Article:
It was one of the first films to be “ripped from the headlines.” Although, the great auteur sometimes denied it, his classic M was transparently inspired by the case of Peter Kürten, “The Vampire of Düsseldorf,” premiering in theaters two months before his execution. Gordian Maugg offers up some wild speculation as to why the case so fascinated the filmmaker in the fictionalized Fritz Lang (trailer here), which screens during the 2017 Fantasia International Film Festival.
It would be the film that forever changed Peter Lorre’s life. It was also highly significant for Lang as his first sound film. While the Kürten case started out as grist for the new screenplay Lang has been unable to start, Maugg and co-screenwriter Alexander Häusser suggest other reasons the case hit so close to home for the filmmaker. Perhaps most obviously, Anna Cohn, a witness who last saw her murdered friend presumably in the company of the killer, happens to be a dead-ringer for his late first wife Lisa. The Düsseldorf police chief also happens to be an old acquaintance.
Maugg flashes forwards and backwards, showing us scenes from Lang’s WWI service, his convalescence, during which time, he meets and falls in love with his future first wife, his affair with eventual second wife and great co-writer Thea von Harbou, and his current position as the monocled-king of Weimar high society. Yet, the Kürten murders bring out his dark side. Suddenly, he too is stalking witnesses and revisiting crime scenes. Indeed, Lang might just understand Kürten too uncomfortably well.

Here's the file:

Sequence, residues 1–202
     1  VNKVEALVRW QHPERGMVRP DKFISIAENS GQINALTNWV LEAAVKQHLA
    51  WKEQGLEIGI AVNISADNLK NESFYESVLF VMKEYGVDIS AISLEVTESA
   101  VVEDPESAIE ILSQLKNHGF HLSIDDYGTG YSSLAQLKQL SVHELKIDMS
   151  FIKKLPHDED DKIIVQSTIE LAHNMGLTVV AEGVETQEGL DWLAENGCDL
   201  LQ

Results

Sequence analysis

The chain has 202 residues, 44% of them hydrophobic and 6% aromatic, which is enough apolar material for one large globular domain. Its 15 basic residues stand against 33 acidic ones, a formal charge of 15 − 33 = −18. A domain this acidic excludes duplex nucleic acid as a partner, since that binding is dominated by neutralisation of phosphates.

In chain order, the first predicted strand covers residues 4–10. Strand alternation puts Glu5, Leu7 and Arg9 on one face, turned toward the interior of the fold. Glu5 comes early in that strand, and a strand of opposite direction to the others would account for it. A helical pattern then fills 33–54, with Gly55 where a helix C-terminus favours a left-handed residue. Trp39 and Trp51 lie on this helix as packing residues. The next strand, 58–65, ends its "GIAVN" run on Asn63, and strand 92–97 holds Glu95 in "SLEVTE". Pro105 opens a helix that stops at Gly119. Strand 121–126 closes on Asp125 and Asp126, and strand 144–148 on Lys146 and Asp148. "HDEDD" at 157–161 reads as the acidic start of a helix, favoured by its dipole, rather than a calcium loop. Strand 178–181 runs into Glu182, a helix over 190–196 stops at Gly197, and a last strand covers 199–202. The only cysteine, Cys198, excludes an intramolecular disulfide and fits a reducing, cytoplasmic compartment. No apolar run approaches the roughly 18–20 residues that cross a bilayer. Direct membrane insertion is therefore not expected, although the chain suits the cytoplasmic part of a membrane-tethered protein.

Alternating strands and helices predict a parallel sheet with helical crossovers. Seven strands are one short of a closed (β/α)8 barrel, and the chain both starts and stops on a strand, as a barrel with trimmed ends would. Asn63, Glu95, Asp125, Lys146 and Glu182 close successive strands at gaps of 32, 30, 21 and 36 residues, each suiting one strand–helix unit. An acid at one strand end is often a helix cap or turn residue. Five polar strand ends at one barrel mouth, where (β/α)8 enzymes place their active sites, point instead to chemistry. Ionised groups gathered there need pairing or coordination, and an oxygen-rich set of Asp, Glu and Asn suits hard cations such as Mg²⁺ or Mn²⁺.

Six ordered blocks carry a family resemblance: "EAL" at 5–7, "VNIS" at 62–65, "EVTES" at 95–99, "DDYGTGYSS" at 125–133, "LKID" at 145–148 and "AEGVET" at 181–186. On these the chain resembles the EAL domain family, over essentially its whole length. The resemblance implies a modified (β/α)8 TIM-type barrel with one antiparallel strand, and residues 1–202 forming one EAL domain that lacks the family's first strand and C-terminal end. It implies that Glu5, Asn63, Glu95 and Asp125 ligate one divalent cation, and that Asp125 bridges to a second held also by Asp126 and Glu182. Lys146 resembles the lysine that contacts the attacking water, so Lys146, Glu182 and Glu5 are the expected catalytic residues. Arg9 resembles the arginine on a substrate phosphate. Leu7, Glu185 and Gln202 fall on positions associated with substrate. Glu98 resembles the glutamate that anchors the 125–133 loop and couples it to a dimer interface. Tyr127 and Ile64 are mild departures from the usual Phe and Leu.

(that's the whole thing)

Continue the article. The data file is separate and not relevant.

It is devilishly difficult to portray Fritz Lang on-screen when the director roguishly played himself with so much dash and verve in Jean-Luc Godard’s Contempt. That subversively witty persona is the Lang we will always want to see, which puts Heino Ferch’s brooding, traumatized Lang at an enormous disadvantage. To be fair, he does some good work reinterpreting the director as a real-life film noir character, but the “real,” reinvented Lang is way more fun. Frankly, Jack Palance’s character in Contempt, the crass Jeremy Prokosch, would probably be the only one who would enjoy seeing Lang depicted in such an unflattering manner.
Frankly, Harbou does not get much better treatment from Johanna Gastdorf (cold-blooded and highly calculating). However, Samuel Finzi would do Peter Lorre proud as the profoundly damaged, Dostoyevskyan Kürten. Lisa Friederich also deserves credit for valiantly laboring to humanize the film as the acutely human Lisa Lang and Anna Cohn.